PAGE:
Jamaica is a country full of life, colour and joy. The smells are intoxicating and the people sure know how to party. When you've been to Jamaica once you feel like you are always welcome to return
In the words of Mr Eardley Ruddock, our driver, “all roads lead to No Problem!” This was Jamaica…
We arrived late in Montego Bay on Saturday 10th February and a taxi drove us the two hours to Negril. We drove through the warm night air full of the sounds of cicadas and reggae and the smells of bonfires and cooked chicken. The wooden shacks, ramshackle along the road, had their turquoise, red, yellow, shutters open to reveal candlelight and rows of Red Stripe. The Saturday night pace was easy, voices murmuring a rough lilt out through the dark.
My hotel recommendation
Our hotel Foote Prints in the Sand (2 star- cheap and cheerful: Norman Manley Blvd, Negril Beach Road, Negril) is white-painted and full of vibrant tropical flowers. A wooden path leads to the bar, an open veranda on the white beach. Our room had a balcony overlooking the beach and a man with a banjo would periodically come and serenade us as he stood singing in honey tones under the palm tree. Breakfast is in the bar, so we would eat fresh fruit and piles of pancakes and maple syrup while listening to a Jimmy Buffett CD and watching crabs scuttle past us on the soft sand. Further up the beach a man sells jewelry made from shells, and brightly coloured sarongs float in the light breeze on a wooden stall. The rooms are simple and clean.
Exploring the Island
On Sunday morning we arranged to meet a friend, Beryl, at her Church in Grange Hill. We passed donkeys carrying loads of cut bamboo, we passed bony cows and skitterish goats. We passed the fields of sugar-cane and tractors laden with the burnt stalks, taking them to the factory to be made into sugar and rum. The houses were huddled close to the roadside, dilapidated shacks, wooden shacks with extensions, painted shacks, concrete houses with corrugated iron roofs and colonial style mansions all mixed together but delineated by rusting metal fencing, wooden posts and lush tropical bushes and trees. Down the dusty, potholed tarmac road would occasionally walk a mother or a granny in her colourful Sunday finery followed by a small child carrying an umbrella against the already blistering sun. Beryl’s church was set back from the road in a parched yard. A scrawny brown cow munched the dry grass in the field next door and the congregation came slowly in ones and twos, stopping to chat and greet us, full of smiles and welcome. They entered the cool, simple church and took their places on wooden pews. Little girls in frilly frocks giggled and frolicked outside until it was time to come in. All are welcome to come and join the congregation.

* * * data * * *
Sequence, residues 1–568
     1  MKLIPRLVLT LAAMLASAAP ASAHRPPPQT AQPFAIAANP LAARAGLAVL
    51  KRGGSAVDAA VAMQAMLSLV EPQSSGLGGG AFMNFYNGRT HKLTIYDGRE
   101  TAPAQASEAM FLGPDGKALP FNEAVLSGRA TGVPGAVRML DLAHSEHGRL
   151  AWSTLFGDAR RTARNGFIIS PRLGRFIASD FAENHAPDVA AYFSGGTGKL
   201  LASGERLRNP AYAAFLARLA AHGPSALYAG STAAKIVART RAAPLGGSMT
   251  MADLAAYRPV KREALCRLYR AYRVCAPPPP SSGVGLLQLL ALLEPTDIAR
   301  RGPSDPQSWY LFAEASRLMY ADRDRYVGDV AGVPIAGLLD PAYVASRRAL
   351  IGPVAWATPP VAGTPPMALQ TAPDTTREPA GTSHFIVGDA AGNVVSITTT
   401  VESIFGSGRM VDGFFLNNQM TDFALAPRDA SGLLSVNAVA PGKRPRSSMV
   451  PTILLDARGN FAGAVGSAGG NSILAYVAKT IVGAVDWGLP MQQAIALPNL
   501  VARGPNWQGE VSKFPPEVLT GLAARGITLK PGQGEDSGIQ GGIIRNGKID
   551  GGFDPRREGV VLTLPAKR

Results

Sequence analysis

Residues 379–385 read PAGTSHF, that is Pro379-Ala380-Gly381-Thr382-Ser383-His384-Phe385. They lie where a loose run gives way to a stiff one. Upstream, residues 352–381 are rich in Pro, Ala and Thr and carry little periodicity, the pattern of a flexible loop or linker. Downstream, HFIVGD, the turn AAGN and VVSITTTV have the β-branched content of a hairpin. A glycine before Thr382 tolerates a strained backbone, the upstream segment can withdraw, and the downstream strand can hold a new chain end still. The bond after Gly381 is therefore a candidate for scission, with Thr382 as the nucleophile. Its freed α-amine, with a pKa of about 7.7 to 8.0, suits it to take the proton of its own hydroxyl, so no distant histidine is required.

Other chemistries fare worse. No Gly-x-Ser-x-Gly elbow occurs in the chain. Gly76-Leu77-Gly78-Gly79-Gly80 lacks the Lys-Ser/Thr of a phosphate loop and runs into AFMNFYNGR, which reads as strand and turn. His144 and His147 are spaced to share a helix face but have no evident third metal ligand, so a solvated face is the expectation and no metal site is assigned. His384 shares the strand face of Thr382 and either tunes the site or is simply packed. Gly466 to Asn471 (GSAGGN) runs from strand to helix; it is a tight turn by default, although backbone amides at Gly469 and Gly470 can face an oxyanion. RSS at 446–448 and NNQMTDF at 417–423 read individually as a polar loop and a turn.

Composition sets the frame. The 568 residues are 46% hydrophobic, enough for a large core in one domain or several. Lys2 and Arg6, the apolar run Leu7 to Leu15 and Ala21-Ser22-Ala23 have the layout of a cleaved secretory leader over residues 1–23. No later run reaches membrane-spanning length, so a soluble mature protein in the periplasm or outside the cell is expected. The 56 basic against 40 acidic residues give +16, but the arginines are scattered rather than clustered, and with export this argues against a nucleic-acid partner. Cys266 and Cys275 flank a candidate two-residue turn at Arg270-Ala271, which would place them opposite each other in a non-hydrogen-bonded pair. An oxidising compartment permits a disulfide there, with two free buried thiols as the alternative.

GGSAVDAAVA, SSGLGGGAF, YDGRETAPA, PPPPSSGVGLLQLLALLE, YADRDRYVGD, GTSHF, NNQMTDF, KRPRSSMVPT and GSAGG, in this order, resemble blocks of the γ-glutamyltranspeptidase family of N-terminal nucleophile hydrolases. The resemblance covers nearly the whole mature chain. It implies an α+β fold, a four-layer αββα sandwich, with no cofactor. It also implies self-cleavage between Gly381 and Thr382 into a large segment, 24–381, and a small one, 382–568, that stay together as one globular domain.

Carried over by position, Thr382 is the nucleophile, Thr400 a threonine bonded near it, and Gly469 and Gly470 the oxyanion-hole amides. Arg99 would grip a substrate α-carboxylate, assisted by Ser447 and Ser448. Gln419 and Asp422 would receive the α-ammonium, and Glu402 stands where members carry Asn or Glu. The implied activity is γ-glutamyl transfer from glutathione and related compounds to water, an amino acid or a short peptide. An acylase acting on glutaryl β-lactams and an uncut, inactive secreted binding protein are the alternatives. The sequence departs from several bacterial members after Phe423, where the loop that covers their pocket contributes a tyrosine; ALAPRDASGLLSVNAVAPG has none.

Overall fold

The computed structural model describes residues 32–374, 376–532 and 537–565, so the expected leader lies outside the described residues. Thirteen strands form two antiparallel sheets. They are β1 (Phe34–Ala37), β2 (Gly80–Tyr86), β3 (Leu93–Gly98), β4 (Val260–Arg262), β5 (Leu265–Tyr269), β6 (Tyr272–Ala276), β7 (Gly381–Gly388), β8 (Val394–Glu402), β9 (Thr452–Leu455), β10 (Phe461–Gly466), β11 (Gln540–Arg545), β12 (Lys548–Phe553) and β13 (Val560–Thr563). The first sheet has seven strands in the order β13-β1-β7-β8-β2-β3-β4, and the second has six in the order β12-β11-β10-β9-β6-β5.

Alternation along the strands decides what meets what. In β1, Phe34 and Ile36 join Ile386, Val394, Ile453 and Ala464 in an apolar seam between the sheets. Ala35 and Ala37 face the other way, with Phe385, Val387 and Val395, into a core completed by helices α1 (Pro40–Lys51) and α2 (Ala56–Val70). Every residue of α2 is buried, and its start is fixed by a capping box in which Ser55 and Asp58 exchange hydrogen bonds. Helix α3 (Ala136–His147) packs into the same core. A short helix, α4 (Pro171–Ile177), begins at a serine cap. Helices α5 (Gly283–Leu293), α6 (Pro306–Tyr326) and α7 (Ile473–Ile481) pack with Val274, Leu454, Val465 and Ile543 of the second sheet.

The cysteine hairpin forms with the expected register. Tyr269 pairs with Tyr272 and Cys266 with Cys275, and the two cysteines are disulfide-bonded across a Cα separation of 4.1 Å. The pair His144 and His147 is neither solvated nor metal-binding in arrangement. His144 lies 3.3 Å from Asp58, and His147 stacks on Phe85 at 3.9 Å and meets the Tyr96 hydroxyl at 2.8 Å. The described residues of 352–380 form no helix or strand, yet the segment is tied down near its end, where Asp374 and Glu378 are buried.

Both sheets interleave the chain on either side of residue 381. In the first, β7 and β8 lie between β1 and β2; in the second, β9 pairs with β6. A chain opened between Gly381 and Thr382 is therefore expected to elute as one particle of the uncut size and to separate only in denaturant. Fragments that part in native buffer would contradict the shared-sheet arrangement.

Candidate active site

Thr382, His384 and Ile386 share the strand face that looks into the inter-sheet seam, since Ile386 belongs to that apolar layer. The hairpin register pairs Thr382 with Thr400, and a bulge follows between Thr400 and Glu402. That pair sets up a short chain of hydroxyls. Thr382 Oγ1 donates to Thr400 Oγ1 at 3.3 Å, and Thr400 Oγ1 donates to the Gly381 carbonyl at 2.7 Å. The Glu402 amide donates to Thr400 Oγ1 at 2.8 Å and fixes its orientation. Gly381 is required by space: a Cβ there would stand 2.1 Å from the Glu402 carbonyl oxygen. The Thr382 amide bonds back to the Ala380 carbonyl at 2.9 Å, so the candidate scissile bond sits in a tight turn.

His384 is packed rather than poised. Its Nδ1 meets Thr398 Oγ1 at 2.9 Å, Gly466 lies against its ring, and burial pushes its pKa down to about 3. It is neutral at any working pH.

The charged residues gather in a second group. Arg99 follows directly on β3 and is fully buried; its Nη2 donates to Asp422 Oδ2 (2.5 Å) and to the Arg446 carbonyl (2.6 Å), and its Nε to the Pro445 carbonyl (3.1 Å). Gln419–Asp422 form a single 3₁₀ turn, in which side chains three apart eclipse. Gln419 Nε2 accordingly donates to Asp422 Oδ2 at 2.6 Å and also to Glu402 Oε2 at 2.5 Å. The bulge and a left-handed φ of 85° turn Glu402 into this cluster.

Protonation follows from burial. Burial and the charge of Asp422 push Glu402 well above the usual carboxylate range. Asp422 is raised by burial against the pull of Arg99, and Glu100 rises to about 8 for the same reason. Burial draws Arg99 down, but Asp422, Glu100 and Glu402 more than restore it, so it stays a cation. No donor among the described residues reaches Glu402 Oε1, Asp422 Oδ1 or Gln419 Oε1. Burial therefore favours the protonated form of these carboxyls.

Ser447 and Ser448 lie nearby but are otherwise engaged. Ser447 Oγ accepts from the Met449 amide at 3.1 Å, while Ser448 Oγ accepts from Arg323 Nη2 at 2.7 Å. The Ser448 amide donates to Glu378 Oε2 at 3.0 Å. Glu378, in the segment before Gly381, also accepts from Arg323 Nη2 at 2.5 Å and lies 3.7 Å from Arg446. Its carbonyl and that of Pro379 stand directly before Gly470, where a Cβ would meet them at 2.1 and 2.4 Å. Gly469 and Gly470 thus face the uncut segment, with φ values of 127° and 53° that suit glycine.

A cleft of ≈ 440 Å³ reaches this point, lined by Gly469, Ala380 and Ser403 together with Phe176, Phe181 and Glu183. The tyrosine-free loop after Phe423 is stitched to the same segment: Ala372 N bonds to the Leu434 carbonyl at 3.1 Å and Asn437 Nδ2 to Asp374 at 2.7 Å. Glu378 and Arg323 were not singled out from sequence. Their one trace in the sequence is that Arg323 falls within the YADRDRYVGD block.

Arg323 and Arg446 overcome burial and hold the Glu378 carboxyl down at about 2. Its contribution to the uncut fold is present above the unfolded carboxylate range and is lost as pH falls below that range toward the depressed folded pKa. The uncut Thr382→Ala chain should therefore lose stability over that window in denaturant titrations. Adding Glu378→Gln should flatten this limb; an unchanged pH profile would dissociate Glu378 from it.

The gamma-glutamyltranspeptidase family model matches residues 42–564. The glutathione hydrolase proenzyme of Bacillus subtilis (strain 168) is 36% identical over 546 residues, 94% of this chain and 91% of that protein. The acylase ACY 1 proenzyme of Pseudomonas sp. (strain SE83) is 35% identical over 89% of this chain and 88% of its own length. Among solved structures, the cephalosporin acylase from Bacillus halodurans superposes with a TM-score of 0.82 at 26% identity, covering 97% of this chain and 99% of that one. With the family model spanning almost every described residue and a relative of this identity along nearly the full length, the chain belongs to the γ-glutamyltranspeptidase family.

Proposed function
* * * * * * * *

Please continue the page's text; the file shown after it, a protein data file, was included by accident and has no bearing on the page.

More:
Many of the houses are topped with a red roof, typical decorative white grills on the windows and surrounding the veranda, with gardens full of fruit trees: avocados, paw paw, coconut, chilli peppers, papaya, and mangos. After lunch the clouds usually open and there is a downpour of warm rain. It rains most days but only enough to refresh the air and bring out the smells of the blossom.
We had a romantic time walking along the beaches but we also wanted a bit of fun too! We hired a jet ski from the beach just along from the hotel on Negril beach and we also went out on a boat from which we snorkled amongst the tropical fish. Just along from the hotel we hired horses and with a guide we rode through villages up into the hills.
One of Jamaica's greatest assets is the people. They always come up for a chat on the beach and if you don't want to, they take it in good spirits and wave a cheery goodbye. If however you are feeling sociable there is always someone to chew the fat over with and they are always delighted to talk about music, the sun, and their beautiful country. All in the spirit of "No Problem".
On the reception at our hotel Foote Prints in the Sand they had a framed copy of the following poem.
"Some people come into our lives and quickly go…
Some stay for a while and leave footprints in our hearts,
And we are never ever the same…"
I certainly will remember the Joy of Jamaica forever.